Green Energy Is Incredibly Dirty

By AFP Staff

In early June, in an effort to meet so-called “clean energy” goals, President Joe Biden announced he would not impose tariffs on solar panels imported from China. Biden also said he was invoking the Defense Production Act to stimulate U.S. manufacturing of solar panels and batteries. For decades, so-called “green energy” products like solar panels have been labelled cleaner alternatives to other forms of energy. While solar power does produce less air pollution, the truth is, the chemicals used to make solar panels are incredibly toxic and have polluted rivers and landfills in key industrial areas in countries like China where most of them are made.

For China, pollution has been a growing problem. Every year, China loses thousands of acres of once-arable land to desertification, which is caused by factory farming that destroys the ground.

Specifically related to solar energy, one city just outside of industrial hub Shanghai has been hit hard by the toxic chemicals used in the manufacture of solar panels.

In 2011, hundreds of Chinese held violent protests outside a solar panel factory in the city of Haining. The factory was owned by JinkoSolar, a Shanghai-based firm that is listed on the New York Stock Exchange.

Haining is located about an hour and a half outside of Shanghai.

That year, locals accused JinkoSolar of polluting local streams and rivers by dumping chemicals directly into the water to avoid the high cost of disposing of them in environmentally safe ways.

Chemicals commonly used in the production of solar panels, such as cadmium telluride, copper indium selenide, cadmium gallium (di)selenide, copper indium gallium (di)selenide, hexafluoroethane, lead, and polyvinyl fluoride, have been blamed for the pollution. These chemicals are highly toxic and carcinogenic and were blamed for widespread fish-kills in rivers and streams surrounding the Haining factory.

In addition, Chinese environmental activists say dozens of people who lived near the factory came down with rare forms of cancer caused by the types of chemicals the factory used.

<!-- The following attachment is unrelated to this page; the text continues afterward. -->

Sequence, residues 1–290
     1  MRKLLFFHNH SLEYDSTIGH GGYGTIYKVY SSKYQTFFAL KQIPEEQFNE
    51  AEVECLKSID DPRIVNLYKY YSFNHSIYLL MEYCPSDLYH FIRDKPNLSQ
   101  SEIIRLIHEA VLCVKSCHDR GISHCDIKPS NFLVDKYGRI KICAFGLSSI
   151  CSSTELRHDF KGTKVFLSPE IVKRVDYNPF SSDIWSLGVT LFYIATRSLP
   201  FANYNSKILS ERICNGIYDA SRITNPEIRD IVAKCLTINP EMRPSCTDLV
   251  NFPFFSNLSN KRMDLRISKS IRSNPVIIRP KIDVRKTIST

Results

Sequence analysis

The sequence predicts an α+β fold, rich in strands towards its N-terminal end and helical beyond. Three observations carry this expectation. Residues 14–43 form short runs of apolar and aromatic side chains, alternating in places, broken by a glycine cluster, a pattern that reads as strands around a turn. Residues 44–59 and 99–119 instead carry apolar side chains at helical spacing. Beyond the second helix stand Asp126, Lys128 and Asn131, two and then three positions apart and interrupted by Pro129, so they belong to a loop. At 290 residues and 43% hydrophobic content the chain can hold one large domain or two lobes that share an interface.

Drowning in Debt ad

On Sept. 19, 2011, the Chinese government ordered JinkoSolar to close its plant in Haining and fined JinkoSolar $74,000. It is very difficult to know exactly what ultimately happened to JinkoSolar’s factory following the initial reports of the local protests because the Chinese government quickly tamped down on any news surrounding the company and allegations of pollution.

Whatever happened to that one factory, though, the charges of dumping toxic waste didn’t hurt JinkoSolar’s bottom line. In 2011, when JinkoSolar was fined for pollution, the company brought in over $1 billion in profits. Today, according to publicly available information, the company’s profits top $7 billion annually.

Since the factory shutdown in 2011, JinkoSolar has not been without controversy.

In 2015, activists in Malaysia vociferously objected to the factory JinkoSolar opened on the northern coastal town of Batu Kawan.

AFP reached out to Huan Cheng Guan, a former top level Malaysian official, who publicly objected to JinkoSolar’s factory in 2015, but Guan did not respond before the newspaper went to press.

Despite these issues, JinkoSolar is still the largest manufacturer of solar panels in the word. It now operates a dozen plants in China, the United States, Malaysia, and Vietnam.

And that’s not all. In 2021, in a lengthy report, Michael Shellenberger, a writer for Forbes magazine’s news and commentary website, detailed even more problems associated with solar panels.

“Solar panels are delicate and break easily,” wrote Shellenberger. “When they do, they instantly become hazardous … due to their heavy metal contents.”

Much like the almost unbelievable amounts of waste produced from plastics, the fact is, the cost to society of disposing of all these solar panels will quickly outweigh any benefits society gets from the so-called “clean” and “green” energy they produce, wrote Shellenberger. If politicians were honest and added these hidden costs to the price of “green energy,” it would quickly balloon far beyond more traditional—and cleaner—means of energy such as natural gas or nuclear power.

The fact is, if you believe the volumes of pollution that mankind is producing today is making the world unlivable, then the price we will eventually pay for cheap, toxic solar panels flooding the world isn’t worth it. We will be trading one problem now for even more in the not-so distant future.

There is a solution, though.

“A first step to forestalling disaster,” wrote researchers for the Harvard Business Review, “may be for solar panel producers to start lobbying for similar legislation in the United States immediately, instead of waiting for solar panels to start clogging landfills.”

That seems unlikely since one of the main reasons global corporations go to countries like Malaysia and Vietnam is that they don’t have to deal with expensive regulations that ensure they can save a few bucks by dumping waste into streams and rivers or bury them deep in landfills where no one in industrial countries will see them.

A second step would be to admit that the “green energy” initiatives advanced by politicians in the Western world aren’t that clean, as the products needed for them simply pass on pollution problems to remote Third World countries outside the gaze of latte-sipping elites in the West.